IT IS a comprehensively grim anniversary. Looking back at a decade of conflict as complex, murky, and murderous as Syria’s, the areas of shadow inevitably exceed greatly the areas of light. There is much that we cannot yet see.
For now, the focus is on identifying some key turning points in the hope of understanding things a little better. One significant moment was Russia’s military intervention in 2015 on the side of the Syrian government.
The Russians rescued President Bashar al-Assad as his regime was close to being overwhelmed by a range of rebel forces; and this gave Moscow an enhanced and long-term part to play in Syria. So, one clear result: Syria, in whatever shape it emerges, will remain beholden to Russia.
It is easy to forget, against the background of such tectonic geopolitical changes and the ten-year-long barrage of horrendous, but eventually numbing, images of death and destruction, how the whole thing started.
IT STARTED in a quiet way. To quote the sober language of a UN report, in February 2011, “Syrians began protesting [against] rural poverty, corruption, the detention of political prisoners, and the lack of freedom of expression and democratic rights”.
The security forces responded to peaceful protests with violence, in March detaining and torturing a group of children caught painting anti-government graffiti on walls in the southern city of Der’a. Protests spread across Syria.
At the end of March 2011, President Assad was preparing to give his first public address to parliament since the unrest began. Rumours suggested that he would announce a range of reforms to calm the nation. When the moment came, the tone of his speech, punctuated by flippant and supercilious asides that played to his cheering supporters, was both frivolous and contemptuous.
The troubles, he said, had been instigated by foreign conspirators and satellite TV stations. No more to be said. The President ignored the protesters’ grievances and announced no reforms.
This was a defining moment. President Assad sent a message to his opponents that human life would, if necessary, be expendable in his determination to stay in power. The President in this way set the deadly ground rules that his forces and those of his opponents have adopted since then. It is a fight to the death.
The Syrian air force, later supported by formidable Russian air power, pulverised cities, towns, and villages. Barrel bombs were dropped on civilian infrastructure, and, in August 2011, a sarin gas attack on a suburb of Damascus killed more than 1000 people.
A red line on the use of chemical weapons set by President Obama had been crossed. But the UK Parliament voted against supporting US military action, and President Obama himself decided eventually against it. The West looked weak and powerless.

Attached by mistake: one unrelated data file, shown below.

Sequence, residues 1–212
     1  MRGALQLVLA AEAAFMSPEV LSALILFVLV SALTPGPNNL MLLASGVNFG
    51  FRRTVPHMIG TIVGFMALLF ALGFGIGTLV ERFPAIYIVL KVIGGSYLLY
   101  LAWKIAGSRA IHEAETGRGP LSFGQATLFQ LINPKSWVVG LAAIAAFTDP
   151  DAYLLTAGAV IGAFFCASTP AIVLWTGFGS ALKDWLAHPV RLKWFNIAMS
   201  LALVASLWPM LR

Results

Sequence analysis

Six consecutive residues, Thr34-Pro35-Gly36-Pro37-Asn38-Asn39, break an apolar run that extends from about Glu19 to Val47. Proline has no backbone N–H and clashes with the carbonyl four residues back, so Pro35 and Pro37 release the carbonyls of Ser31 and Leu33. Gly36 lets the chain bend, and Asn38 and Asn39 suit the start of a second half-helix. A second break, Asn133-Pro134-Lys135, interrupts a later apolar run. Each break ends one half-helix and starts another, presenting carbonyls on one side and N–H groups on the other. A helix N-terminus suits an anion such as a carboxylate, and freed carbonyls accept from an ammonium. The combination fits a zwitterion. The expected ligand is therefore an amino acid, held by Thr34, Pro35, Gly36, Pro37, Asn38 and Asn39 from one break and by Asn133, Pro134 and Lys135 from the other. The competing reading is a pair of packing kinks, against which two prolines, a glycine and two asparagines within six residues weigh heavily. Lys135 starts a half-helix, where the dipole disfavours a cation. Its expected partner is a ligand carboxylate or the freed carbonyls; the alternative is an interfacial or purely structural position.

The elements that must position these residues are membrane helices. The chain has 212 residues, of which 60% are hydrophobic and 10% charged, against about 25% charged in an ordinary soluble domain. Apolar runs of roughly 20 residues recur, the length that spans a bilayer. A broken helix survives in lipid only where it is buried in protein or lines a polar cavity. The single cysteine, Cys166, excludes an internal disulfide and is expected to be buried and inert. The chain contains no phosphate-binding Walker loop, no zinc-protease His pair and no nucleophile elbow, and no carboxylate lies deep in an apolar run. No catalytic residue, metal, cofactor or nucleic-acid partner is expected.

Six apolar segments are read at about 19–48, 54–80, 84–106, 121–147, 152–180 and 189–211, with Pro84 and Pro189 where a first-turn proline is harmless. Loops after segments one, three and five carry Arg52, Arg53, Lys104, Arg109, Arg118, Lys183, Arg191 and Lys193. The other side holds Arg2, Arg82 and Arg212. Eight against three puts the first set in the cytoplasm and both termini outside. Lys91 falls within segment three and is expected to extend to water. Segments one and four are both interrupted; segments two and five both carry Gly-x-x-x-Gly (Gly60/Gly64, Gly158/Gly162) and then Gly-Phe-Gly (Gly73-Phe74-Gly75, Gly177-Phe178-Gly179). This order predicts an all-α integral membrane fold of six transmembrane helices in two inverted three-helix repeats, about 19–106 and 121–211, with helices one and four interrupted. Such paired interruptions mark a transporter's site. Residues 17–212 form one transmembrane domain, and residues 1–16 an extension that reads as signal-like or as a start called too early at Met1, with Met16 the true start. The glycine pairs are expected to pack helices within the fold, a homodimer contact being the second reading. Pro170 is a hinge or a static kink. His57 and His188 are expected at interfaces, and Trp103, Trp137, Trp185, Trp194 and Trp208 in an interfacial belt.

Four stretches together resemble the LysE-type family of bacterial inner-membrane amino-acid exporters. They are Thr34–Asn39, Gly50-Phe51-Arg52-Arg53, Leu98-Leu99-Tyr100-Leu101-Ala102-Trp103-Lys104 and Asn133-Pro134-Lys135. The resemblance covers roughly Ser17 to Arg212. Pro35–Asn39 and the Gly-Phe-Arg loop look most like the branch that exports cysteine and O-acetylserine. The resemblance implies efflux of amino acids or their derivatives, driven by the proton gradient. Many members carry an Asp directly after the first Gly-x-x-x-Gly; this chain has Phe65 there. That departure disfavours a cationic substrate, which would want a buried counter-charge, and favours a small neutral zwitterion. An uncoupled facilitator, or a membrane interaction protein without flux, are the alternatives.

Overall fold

THE international community has remained wary of involvement in Syria, beyond, for a time, supporting some of the fractious opposition movements. The Anglican Primate of Jerusalem and the Middle East, the Most Revd Michael Lewis, says: “The West and the rest of the international community have either been hesitant, ineffective, or frankly naïve in their interventions, not least because of a variety of contradictory alliances with major regional players.”
They have decided, in his view: “This is just too complicated and risky for us. Horrible though the sufferings of the Syrian people are, let the conflict play out as it will.”
Christians in Syria are particularly vulnerable, lacking a power base of their own, and watching Islamist groups take over areas of the country. In 2013, the Syriac Orthodox and Greek Orthodox Archbishops of Aleppo, Mar Yohanna Ibrahim and Metropolitan Paul Yazigi, were seized by gunmen in northern Syria and have not been seen since.
Bishop Lewis urges the worldwide Church to “understand the particular agonising difficulty for the Christian Churches of Syria, some of the most ancient Christian communities in the world, who depend for protection on whoever wields power in their city or district, irrespective of what they may privately think of them”.
As for the Anglican community in Damascus, the Archbishop in Jerusalem, the Most Revd Suheil Dawani, says that All Saints’ Church “has been without a resident priest throughout the length of the war. The congregation number about 120, and have been very faithful in meeting together for Morning Prayer services all this time.” Because of the pandemic, “the Anglican Archdeacon in Beirut has not been able to visit the congregation to take services in Damascus for about a year.”
TEN years on, there is little cause for optimism. And even if the war does eventually end, dealing with the aftermath will take many years. Martin Leach, Eurasia and North Africa lead for Tearfund, points out: “The Syrian refugee crisis is the largest of our time. More than six million people are displaced within the country, and another 5.6 million have fled to neighbouring countries. . .
“Syrian families continue to suffer the effects of an intense conflict that has killed hundreds of thousands of people, and set back the standard of living by decades.” The majority of Syrians now live below the poverty line, thus “the effects of Covid-19 are weakening the country’s dire economic situation even further.”
A decade on, the days of peaceful protest calling for liberty and democracy seem part of a different era. Since then, the aspirations of the Syrian people have been forgotten, buried under a decade of violence. “I ask Christians, wherever they are, to keep the people of Syria alive in their prayers,” Bishop Lewis said. “Don’t forget them.”
Gerald Butt, a former Middle East Correspondent of the BBC and the Church Times, is Middle East Adviser to Oxford Analytica, a geopolitical analyst and advisory firm.